Am I largely just doing this for the fun of it? Also, yes.
Do I enjoy the challenge of learning something hard? Yes. (It helps that I have realistic expectations of myself. I never thought I’d be a natural at this.)
Does it give me greater confidence in general? Yes.
Is teaching what I’ve learned to middle school girls fun, fulfilling, and challenging? Yes.
Do they enjoy the class for all or most of those reasons above? I believe so, yes.
It has been pointed out to me more than once that the best option, when viable, is to simply run away. I joked that I should hang up my gi and work on my speed instead.
How am I doing?
I saw an interview with actor Ed O’Neill (Married… with Children, Modern Family), who has a black belt in Ju-Jitsu. He used his knowledge twice to put a rear naked choke (RNC) on men who had become unruly. This move is a good go-to, and I’ve already proven that I can, with a bit of struggle, successfully get the job done on a male blue belt (Surfer Dude 1). I don’t hope to need this skill in real life, but if I do, I’ll have it.
Fun side note: Hubs and I recently saw The Lost City. Brad Pitt used the RNC on several bad guys. I whispered to Hubby, “He’s using perfect technique. It’s nice the writers did their research.” Later in the film, Channing Tatum tries to imitate Pitt, but does so humorously wrong and unsuccessfully. It was a cute movie, and I’ve been a fan of Sandra Bullock ever since While You Were Sleeping.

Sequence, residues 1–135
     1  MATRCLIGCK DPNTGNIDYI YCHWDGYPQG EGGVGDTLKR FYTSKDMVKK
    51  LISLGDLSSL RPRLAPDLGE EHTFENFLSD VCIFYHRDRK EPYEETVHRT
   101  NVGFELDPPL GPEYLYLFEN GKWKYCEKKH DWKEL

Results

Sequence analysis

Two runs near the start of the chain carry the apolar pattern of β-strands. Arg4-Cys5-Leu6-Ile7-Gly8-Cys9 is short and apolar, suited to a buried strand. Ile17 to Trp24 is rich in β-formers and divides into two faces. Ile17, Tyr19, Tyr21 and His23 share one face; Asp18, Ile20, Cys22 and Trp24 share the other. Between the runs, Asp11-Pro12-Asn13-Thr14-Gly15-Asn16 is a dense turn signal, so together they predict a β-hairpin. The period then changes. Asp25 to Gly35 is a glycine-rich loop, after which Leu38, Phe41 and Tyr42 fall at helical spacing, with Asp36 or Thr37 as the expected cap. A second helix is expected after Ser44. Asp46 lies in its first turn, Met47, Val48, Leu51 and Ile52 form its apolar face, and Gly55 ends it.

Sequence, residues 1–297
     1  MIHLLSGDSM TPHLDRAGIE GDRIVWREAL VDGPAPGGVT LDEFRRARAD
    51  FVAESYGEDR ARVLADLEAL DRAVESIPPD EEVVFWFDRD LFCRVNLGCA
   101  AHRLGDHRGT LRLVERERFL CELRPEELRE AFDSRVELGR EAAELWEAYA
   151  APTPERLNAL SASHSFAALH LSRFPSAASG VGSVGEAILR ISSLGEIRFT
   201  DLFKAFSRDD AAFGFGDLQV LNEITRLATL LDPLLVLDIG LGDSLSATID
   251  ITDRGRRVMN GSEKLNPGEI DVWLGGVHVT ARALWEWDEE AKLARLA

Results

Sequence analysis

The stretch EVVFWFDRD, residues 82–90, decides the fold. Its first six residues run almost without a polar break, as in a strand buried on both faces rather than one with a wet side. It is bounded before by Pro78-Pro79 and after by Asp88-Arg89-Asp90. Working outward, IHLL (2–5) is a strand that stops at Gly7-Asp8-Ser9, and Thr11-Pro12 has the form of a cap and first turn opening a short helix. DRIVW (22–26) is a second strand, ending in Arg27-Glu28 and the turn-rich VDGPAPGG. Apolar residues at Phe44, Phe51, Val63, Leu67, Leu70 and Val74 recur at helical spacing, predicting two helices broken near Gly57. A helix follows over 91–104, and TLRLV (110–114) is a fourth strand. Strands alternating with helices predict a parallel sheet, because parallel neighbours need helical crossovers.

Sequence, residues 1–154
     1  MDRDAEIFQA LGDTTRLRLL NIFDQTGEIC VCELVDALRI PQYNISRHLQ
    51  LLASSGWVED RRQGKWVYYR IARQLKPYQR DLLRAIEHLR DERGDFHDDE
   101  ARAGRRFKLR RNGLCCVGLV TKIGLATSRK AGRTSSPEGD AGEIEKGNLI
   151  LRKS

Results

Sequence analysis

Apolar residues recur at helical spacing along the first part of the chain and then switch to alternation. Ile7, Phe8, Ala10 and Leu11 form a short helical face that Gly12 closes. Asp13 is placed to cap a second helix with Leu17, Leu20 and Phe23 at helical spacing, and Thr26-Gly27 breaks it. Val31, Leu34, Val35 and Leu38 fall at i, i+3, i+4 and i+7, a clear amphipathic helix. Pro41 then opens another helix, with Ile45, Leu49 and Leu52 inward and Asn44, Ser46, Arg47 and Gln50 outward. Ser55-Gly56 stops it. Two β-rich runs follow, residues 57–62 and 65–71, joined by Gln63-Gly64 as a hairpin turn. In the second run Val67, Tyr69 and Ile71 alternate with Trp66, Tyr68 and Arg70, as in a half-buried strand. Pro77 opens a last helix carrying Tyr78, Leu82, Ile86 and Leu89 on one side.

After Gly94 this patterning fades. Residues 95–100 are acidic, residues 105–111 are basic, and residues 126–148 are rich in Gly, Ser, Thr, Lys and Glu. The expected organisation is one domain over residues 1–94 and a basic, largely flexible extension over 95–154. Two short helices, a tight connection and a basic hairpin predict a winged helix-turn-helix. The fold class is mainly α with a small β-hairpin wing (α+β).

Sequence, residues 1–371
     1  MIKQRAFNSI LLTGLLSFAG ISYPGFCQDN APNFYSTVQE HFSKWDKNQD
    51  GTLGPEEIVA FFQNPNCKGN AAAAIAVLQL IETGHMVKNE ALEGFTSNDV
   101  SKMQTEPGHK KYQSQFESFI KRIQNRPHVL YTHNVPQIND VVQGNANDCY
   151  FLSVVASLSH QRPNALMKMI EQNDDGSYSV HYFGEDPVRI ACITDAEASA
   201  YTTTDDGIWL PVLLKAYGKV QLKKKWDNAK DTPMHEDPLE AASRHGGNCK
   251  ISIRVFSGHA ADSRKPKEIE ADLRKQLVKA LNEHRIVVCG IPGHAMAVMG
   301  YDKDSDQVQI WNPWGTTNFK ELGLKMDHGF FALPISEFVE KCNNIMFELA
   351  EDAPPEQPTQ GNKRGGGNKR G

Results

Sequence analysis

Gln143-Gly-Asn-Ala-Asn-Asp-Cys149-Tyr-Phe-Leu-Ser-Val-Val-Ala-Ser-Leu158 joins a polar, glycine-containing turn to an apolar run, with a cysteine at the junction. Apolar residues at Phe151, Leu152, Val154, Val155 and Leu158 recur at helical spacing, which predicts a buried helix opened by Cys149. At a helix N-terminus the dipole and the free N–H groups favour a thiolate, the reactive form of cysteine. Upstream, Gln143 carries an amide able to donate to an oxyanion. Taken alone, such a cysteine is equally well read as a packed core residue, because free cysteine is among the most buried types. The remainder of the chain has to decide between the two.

The guy who said I have the perfect limbs for crushing someone’s life out (Be still my heart) was the only one unpartnered when I arrived for Saturday’s class. I was glad I’d already met him during the Triangle Choke class, as that made this much easier.
“Looks like it’s you and me,” I said on approach.
“Let’s do it,” he said with a nod.
This man is my new Timmy/Andre in general size, except Andre was careful with me. (Despite that whole bending my foot backward incident.) This New Andre, whom I’ll call Drake, heavily dragged his leg over mine multiple times (as expected, I’m feeling it today) and gave me a knee to the stomach. I said “Oof” many times and a couple of “Ow”s.
Still a nice guy, he was at least trying to not hurt me.
At one point he said, “You got Draked.”
Somehow, in the moment, I found it funny. Now, I just find it as lame as lame can be. I hope to avoid partnering with him in future classes.
After class, I had an opportunity to “relate” to Li’l Trejo.
“I saw a Korn sticker on your water bottle a while back,” I told him.
“Yeah.” He smiled.
“One time after class, I turned on the radio and a Korn song was playing. So I cranked it up and drove fast. Then I got stopped at a light.”
“Oh,” he grimaced.
“I was like, doesn’t this light know I just came from Jiu-Jitsu? I need to GO!”
He smiled in understanding. “I like metal like Korn and Disturbed…”
I nodded in recognition. Disturbed has a cool cover of The Sound of Silence. Don’t ask me to name any other songs. And I only knew I was listening to Korn because I used Shazam, a song recognition app.
Li’l Trejo continued with other band names foreign to me. “I just love music.”
“Me too,” I said.
“Not a lot of girls like Korn. It’s rad that you do.”